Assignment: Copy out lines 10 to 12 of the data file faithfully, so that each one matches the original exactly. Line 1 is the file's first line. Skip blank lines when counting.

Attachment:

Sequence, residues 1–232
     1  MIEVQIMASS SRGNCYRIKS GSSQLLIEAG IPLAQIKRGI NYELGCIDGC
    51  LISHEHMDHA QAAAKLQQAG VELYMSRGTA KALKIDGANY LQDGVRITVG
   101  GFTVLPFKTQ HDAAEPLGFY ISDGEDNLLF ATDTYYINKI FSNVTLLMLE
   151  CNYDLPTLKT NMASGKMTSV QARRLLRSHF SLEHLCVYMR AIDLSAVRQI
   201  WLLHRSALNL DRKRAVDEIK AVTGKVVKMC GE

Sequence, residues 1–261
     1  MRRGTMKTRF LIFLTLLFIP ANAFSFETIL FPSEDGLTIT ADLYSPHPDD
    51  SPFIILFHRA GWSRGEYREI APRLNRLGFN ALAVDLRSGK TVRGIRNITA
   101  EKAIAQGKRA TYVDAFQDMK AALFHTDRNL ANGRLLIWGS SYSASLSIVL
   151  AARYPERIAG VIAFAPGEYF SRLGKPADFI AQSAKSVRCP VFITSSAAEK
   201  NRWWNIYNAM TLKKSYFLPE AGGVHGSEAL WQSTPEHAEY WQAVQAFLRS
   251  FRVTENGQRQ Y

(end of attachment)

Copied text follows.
   101  EKAIAQGKRA TYVDAFQDMK AALFHTDRNL ANGRLLIWGS SYSASLSIVL
   151  AARYPERIAG VIAFAPGEYF SRLGKPADFI AQSAKSVRCP VFITSSAAEK
   201  NRWWNIYNAM TLKKSYFLPE AGGVHGSEAL WQSTPEHAEY WQAVQAFLRS